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© Rakhesh Sasidharan

Elsewhere

Thoughts on BBC One’s “The Missing”

The Missing is an interesting show. It’s one of those things that pull you in while watching, and while the ending may not make sense or might even let you down, you still keep thinking over the show and its characters. 

I started watching The Missing because of James Nesbitt. I stayed on because I liked the plot. It was slow, but every now and then the writers would drop something to feed your interest and keep you hooked for the next episode (where again the plot would slowly meander along). I suppose I could say I am a fan of slow shows, but that won’t be correct either, I think. Many a times I had a good mind to quit The Missing and just go over to Wikipedia to read what happens. But I held on because something attracted me to it. Maybe it’s Nesbitt’s performance, maybe it’s the writing. The plot is slow, but not painfully slow. The characters are sad, but not painfully sad (as one might say of Sarah Lunden of The Killing, which is similarly slow but I gave up after three seasons and was glad when they cancelled it). 

Yes, I think it’s the writing on The Missing that definitely had me hooked. The way the episodes were written and directed, it pulled you in to the plot so that while it was slow you were still hooked on to the plot and curious about what’s happening. And each episode was an exercise in slowly inching towards the truth. In each episode the characters (mainly James Nesbitt and Tchéky Karyo) uncovering a clue, come across roadblocks, and just when all hope seems to be lost there’s a glimmer of hope which leads them to the next clue/ episode. And these aren’t just random clues. They are sensible and well placed, so you stick on with the show. 

Interestingly it was the father of the missing boy who is more worried and “crazy” in this show, while the mother though sad manages to cope with it and make an effort to move ahead with her life. I didn’t expect that. In the first episode when the boy wen’t missing, I assumed it would be the mother who’d have difficulty and hence break up the marriage. Again, good writing. Sensible stuff.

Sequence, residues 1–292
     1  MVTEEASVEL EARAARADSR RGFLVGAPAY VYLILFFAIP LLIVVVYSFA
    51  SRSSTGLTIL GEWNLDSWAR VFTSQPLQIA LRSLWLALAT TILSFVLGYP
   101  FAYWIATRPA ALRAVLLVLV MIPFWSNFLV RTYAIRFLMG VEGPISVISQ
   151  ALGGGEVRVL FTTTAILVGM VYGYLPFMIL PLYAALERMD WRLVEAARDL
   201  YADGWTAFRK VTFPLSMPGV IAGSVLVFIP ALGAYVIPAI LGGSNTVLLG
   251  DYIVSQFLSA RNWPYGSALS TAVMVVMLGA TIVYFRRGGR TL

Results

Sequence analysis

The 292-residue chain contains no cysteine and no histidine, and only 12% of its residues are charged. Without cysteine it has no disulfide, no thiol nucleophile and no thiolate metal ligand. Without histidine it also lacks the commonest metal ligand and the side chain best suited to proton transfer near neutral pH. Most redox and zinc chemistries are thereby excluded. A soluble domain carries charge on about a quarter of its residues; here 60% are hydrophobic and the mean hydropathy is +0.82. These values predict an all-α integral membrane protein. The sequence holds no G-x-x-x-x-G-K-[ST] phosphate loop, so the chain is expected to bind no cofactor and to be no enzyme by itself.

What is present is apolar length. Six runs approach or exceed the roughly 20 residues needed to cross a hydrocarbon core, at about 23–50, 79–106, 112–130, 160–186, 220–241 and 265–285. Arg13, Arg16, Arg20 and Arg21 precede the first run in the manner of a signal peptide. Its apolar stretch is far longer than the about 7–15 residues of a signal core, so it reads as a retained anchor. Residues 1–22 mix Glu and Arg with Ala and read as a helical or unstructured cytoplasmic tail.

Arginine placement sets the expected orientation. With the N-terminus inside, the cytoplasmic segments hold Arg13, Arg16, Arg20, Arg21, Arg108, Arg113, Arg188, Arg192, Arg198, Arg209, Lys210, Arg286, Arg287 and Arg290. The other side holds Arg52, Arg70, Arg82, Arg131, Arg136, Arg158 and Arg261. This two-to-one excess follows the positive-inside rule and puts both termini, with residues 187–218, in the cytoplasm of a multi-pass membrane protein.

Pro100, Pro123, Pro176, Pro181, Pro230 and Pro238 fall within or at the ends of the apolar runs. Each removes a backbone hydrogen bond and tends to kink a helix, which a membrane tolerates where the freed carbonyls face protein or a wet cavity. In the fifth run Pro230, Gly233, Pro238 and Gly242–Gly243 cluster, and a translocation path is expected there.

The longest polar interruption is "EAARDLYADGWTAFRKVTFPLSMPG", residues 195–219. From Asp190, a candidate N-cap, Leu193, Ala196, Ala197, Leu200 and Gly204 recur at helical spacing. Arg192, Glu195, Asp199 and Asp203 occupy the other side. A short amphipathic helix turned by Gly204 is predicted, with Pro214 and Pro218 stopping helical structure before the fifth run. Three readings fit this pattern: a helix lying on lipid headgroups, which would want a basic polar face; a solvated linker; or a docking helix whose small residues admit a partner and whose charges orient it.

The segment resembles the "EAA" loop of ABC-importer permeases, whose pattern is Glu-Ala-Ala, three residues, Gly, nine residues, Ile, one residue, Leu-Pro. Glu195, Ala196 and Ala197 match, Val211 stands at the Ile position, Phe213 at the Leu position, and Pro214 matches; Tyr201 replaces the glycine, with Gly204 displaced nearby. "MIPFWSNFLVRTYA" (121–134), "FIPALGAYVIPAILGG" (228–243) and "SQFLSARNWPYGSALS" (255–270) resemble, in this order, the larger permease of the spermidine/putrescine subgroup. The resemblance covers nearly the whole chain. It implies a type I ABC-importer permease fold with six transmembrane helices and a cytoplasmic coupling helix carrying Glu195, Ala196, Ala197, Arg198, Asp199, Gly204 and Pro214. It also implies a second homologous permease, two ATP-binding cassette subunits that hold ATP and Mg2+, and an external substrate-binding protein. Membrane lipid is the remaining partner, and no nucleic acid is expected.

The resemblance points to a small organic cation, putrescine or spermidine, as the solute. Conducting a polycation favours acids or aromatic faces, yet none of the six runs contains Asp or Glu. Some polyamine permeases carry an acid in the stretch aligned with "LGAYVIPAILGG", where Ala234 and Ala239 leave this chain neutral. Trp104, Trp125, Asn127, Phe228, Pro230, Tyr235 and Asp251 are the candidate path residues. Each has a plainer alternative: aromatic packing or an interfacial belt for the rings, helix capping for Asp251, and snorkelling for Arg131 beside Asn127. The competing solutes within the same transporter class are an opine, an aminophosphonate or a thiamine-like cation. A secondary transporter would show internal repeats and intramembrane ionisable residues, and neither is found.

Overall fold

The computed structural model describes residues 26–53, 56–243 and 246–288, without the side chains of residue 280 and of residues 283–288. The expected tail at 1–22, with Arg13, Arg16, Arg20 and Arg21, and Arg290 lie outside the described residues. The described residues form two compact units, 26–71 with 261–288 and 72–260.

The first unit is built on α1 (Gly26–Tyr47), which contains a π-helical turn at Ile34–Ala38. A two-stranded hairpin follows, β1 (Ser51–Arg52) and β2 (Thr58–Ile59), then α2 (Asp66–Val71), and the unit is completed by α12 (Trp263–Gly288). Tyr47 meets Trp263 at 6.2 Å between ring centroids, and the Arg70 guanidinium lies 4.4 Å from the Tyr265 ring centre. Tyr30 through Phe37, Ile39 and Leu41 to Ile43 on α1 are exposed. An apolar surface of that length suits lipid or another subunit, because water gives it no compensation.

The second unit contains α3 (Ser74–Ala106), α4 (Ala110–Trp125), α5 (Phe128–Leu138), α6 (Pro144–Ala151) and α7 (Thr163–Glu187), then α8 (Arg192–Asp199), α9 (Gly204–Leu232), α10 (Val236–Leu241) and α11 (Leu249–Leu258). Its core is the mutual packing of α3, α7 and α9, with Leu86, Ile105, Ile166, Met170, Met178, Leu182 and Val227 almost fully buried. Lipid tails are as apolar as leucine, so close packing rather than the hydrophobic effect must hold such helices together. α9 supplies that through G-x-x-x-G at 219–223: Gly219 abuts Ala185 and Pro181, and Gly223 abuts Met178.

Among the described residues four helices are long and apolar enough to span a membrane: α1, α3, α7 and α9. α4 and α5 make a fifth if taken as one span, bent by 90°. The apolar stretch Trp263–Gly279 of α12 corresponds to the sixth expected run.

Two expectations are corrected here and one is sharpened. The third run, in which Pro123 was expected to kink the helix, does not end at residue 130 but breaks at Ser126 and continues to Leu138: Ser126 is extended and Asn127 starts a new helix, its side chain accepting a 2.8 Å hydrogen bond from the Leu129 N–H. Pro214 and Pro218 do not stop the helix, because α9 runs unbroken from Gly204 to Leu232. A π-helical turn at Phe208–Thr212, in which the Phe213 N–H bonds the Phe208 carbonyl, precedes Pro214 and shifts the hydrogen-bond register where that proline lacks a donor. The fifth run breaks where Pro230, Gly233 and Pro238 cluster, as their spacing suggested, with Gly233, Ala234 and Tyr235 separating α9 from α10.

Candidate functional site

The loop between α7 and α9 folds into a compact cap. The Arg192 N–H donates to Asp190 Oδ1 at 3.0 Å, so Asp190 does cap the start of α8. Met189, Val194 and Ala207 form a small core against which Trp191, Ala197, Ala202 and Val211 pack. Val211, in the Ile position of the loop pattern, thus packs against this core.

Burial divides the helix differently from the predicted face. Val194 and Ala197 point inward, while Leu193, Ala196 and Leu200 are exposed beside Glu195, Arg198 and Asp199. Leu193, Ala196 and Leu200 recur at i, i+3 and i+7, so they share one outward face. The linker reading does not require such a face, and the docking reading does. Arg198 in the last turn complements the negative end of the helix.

The ending is what put me off and also dragged me into the show. Not the ending of the mystery where they discover what “supposedly” happened to the boy, but the mystery surrounding that ending. That was superbly taken. For one, when the boy’s dead body was shown to the mayor, we the audience too never see it. So we are trapped in the mind of the parents – inquisitive just like them to know what happened to the boy – but unable to verify for themselves/ ourselves on whether the dead body was really of the boy. And therein the writers are kind of treating us like the father and mother I think. Some of us will be like the mother and find peace with the ending, telling ourselves that it was indeed the boy so we now have some sort of closure. But the rest of us will be like the father, unsure about the ending – and tearing ourselves apart in the process – because we haven’t seen the body! And to top it up there’s the final ending where the father is now in Russia and there’s a picture of the stick figure the boy draws, and we are left with no closure as to whether the boy drawing it was the son or just some random kid. We are trapped in the father’s mind-frame with no closure for ourselves, haunted with the thought that perhaps the boy is still alive! I love that.